Tuesday, May 15, 2012
Live Review: Frankie & The Heartstrings, Hoults Yard Newcastle, 10/05/2012
Having travelled up from Hull, The Neat were very much the outsiders on the bill, but as is often the case it was they who made the most telling impact. The four-piece have been around the block for about three years now, and if nothing else leave an impression with their excitable Fall-esque take on post-punk. They've rearranged a little as of late, with singer Merrick 'Mez' Green ditching the guitar and maximising his role as spastic frontman, a shift which renders them an even more entertaining prospect. Hilarious and thrilling in equal measure, their performance certainly helped heat spectators still ringing themselves out from the torrential downpour outside. If only the same could be said of Let's Buy Happiness, the Newcastle locals who seemed somewhat pedestrian by comparison. They had a tough task in following The Neat, but sadly their Modest Mouse inspired quirks did little to catch my ear. They seemed to draw an enthusiastic response from pretty much everyone else present though, so maybe I'm the fool.
Despite headlining, Frankie & The Heartstrings only adorned the stage for 40 minutes - barely longer than their openers. They managed to get plenty done in that time though, fizzing through the old favourites with more gusto than ever while also gleefully displaying the fruits of their recent writing.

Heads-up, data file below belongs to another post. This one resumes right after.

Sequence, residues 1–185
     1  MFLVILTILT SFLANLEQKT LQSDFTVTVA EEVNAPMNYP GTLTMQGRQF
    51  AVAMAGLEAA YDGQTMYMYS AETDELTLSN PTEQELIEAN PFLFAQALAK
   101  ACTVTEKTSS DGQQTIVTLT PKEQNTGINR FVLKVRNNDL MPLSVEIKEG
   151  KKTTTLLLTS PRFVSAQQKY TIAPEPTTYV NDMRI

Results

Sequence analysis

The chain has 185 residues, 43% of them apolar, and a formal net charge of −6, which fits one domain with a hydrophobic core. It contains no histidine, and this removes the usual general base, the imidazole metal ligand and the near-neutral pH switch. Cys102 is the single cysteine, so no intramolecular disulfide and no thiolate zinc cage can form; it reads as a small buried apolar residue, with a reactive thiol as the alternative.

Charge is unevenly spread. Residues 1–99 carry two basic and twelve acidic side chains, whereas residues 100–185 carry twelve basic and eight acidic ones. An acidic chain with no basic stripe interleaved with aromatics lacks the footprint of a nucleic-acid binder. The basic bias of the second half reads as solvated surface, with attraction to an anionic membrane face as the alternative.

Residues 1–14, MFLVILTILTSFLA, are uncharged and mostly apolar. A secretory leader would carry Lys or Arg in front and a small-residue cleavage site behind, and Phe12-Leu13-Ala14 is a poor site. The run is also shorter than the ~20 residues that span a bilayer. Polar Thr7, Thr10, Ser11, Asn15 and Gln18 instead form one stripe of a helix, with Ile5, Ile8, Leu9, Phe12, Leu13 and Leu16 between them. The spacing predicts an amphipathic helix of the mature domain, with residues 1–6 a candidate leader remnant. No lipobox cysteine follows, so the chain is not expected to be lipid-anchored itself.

The latter category did of course provide the primary focus of the show, and on the whole the new songs were great. Some, namely 'Berlin Calls' and 'Everybody Looks Better (In The Right Light)' have already passed the road test having featured in setlists since the back end of last year, but tonight it was a less established number which shone brightest. With a jangly melodic drive reminiscent of The Smiths at their peak, 'She Will Say Goodbye' already sounds like a fan favourite in the making, and may just rank as their finest composition yet. No less addictive than the likes of 'Hunger' and 'Tender' whilst also incorporating a heightened emotional baggage, it was by some way the highlight of a night which only boded well for their immediate future. Sure, not all of the new songs reached quite such an impeccable standard, but each and every one fitted seamlessly among the more established cuts, suggesting that a repeat of Hunger's success may not be too tall an order. At the very least they look set to steer well clear of the dreaded 'sophomore slump.'